Can you imagine Jay-Z singing ‘If You Liked It, Shoulda Put a Ring On It?’ No? Because a man’s sense of self-worth is not dependent on how ‘marriage-worthy’ he is.

Yes, we live in the enlightened 21st century, where we no longer refer to single, unmarried, childless women as old maids and spinsters – at least not using those terms. But the fact remains that a woman who remains single and childless into her 40s, 50s and beyond (whether or not by choice) is subject to a range of views, opinions and assumptions that a single childless man of the same age simply is not.

Such a man may be seen as a rogue, an eternal bachelor, or immature at worst. A woman is viewed with suspicion, sympathy or downright hostility. There must be something deeply wrong with her, not to have paired up with a significant other by now. She must be so – oh god – unlovable.

What concerns me is that I have clients and friends – all attractive, smart, sexy, emotionally intelligent, generous, caring and loving women – who still believe that somehow they have failed at womanhood at a deep, fundamental level, simply because they have yet to find The One. Or because they found someone who they thought was The One until it all went ‘wrong’. Or they settled for someone who wasn’t The One, but who wanted to marry them and live happily ever after together, which of course is the ultimate signifier of true love – so why don’t they feel satisfied or happy? What is wrong with them?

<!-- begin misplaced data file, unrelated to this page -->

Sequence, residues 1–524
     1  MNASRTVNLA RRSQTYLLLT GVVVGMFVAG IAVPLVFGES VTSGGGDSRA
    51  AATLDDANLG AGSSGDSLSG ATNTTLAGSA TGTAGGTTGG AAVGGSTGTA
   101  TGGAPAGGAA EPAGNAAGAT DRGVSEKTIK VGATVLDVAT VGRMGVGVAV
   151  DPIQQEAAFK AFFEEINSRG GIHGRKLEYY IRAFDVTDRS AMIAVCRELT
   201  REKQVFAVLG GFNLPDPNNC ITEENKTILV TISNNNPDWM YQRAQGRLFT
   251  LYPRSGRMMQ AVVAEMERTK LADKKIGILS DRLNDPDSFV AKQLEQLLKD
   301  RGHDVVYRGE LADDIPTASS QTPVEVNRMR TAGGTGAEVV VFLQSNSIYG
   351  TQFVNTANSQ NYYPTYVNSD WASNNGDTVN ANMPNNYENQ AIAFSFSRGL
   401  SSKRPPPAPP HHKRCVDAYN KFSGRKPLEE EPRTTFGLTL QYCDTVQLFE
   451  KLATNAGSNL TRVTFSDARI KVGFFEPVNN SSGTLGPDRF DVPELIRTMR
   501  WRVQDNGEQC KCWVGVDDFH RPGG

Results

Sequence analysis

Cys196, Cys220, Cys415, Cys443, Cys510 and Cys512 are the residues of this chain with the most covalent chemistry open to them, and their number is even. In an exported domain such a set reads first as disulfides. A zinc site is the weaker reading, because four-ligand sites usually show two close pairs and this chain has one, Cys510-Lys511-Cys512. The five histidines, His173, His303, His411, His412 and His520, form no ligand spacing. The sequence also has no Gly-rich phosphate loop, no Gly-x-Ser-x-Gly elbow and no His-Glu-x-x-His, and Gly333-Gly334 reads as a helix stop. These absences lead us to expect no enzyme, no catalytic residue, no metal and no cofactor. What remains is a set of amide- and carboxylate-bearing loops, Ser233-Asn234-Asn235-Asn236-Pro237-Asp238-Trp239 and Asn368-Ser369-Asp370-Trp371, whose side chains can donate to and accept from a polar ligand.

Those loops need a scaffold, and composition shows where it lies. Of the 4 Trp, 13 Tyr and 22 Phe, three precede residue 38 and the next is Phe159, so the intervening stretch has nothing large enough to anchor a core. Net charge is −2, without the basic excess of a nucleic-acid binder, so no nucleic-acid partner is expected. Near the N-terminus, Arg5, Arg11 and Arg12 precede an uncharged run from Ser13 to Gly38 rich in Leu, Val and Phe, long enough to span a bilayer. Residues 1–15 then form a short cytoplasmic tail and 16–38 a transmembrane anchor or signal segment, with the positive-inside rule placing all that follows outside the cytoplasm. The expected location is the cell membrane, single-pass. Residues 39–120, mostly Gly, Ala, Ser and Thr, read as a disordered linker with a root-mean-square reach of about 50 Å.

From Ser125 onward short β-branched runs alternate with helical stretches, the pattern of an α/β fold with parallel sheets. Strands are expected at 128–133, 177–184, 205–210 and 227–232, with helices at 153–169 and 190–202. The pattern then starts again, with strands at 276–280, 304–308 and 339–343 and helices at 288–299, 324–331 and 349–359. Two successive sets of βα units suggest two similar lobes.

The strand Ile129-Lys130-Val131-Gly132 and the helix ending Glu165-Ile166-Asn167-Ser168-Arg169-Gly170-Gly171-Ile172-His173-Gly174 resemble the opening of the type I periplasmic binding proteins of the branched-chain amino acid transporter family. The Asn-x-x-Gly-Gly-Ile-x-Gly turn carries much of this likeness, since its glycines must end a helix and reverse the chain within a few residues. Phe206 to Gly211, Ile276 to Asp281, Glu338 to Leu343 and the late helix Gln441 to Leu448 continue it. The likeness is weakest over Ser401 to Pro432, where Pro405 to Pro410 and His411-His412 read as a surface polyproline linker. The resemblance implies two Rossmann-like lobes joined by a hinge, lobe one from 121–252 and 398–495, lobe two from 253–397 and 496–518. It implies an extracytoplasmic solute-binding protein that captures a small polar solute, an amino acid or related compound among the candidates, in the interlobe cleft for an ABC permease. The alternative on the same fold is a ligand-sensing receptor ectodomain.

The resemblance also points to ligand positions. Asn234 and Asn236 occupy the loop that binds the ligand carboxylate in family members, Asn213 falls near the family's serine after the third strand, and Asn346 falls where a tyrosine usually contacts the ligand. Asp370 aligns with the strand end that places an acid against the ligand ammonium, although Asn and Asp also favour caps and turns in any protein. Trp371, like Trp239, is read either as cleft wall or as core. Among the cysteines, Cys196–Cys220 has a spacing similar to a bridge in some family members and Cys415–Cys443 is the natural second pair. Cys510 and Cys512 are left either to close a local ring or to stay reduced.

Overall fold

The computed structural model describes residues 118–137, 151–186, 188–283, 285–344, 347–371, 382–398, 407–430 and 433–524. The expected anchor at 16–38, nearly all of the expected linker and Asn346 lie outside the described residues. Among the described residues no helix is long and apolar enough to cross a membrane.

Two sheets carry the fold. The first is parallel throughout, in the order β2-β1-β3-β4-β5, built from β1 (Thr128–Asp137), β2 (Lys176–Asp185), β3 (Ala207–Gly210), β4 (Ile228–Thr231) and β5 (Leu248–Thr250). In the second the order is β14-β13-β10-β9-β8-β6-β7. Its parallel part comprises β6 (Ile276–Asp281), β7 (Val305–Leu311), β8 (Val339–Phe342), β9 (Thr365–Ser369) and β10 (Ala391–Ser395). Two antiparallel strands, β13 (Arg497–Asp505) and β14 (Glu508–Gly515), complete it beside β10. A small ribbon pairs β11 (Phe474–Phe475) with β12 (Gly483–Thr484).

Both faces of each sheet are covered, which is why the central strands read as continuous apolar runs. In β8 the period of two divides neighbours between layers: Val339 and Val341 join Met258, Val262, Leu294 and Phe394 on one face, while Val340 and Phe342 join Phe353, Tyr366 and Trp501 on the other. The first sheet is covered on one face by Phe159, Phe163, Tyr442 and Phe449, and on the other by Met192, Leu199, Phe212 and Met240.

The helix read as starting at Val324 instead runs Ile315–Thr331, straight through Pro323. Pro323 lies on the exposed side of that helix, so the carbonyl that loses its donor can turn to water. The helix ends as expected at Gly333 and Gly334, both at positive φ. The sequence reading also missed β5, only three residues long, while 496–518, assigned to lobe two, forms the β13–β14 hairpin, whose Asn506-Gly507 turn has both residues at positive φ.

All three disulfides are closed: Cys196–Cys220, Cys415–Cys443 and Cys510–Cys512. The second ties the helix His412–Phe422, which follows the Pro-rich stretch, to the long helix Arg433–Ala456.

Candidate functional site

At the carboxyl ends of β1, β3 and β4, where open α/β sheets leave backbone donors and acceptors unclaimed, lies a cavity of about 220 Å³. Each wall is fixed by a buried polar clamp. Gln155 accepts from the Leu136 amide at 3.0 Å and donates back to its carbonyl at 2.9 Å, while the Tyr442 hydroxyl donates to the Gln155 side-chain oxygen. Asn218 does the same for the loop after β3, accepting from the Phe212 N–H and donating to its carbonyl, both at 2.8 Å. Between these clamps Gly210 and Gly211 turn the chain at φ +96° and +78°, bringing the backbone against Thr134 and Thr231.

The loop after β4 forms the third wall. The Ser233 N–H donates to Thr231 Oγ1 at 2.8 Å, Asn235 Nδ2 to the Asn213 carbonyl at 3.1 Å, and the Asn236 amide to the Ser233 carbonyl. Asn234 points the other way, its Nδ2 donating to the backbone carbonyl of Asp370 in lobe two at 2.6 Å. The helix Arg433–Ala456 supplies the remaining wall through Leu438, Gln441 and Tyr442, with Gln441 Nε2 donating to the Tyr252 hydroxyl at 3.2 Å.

What these women have in common is that they have been fed a myth that happiness lies in finding The One and living Happily Ever After, but on talking and exploring and working deeper to get to the heart of what they really want, it seems that they simply want what we all do – to be loved. That’s all. The desire to be loved – to be accepted, to be seen and known and understood and accepted for who we are – is a basic human need. One that has nothing to do with marriage or ‘the one and only’ or ‘happy ever after’.

The problem is that for too long we have been fed a lie that marriage and relationships based on the notion of sexual exclusivity and ‘forever’ are somehow superior to other forms of relationship.

Real love doesn’t require rules and laws and contracts. It simply is. Just ask someone for whom marriage is still not a legal option.

This is not to say that true love cannot exist within marriage. But marriage is only one form of relationship. And the sooner we stop idolising marriage and other relationships based on sexual exclusivity, stop equating true love with marriage, and thinking that being married is the superior, the ultimate – the only – way to love and be loved, the sooner we’ll be free and available to enjoy the real thing – in whatever glorious, ephemeral and shining form it appears to us.

Ruby Slippers is a professional coach and trainee therapist specialising in healing and transformation through creativity, sexuality and the body.

Read more at her blog.